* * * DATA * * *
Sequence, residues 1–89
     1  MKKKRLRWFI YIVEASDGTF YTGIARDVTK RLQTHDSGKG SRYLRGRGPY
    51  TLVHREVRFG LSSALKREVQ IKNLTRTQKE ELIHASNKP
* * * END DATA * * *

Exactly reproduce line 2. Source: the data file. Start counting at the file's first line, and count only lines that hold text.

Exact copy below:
     1  MKKKRLRWFI YIVEASDGTF YTGIARDVTK RLQTHDSGKG SRYLRGRGPY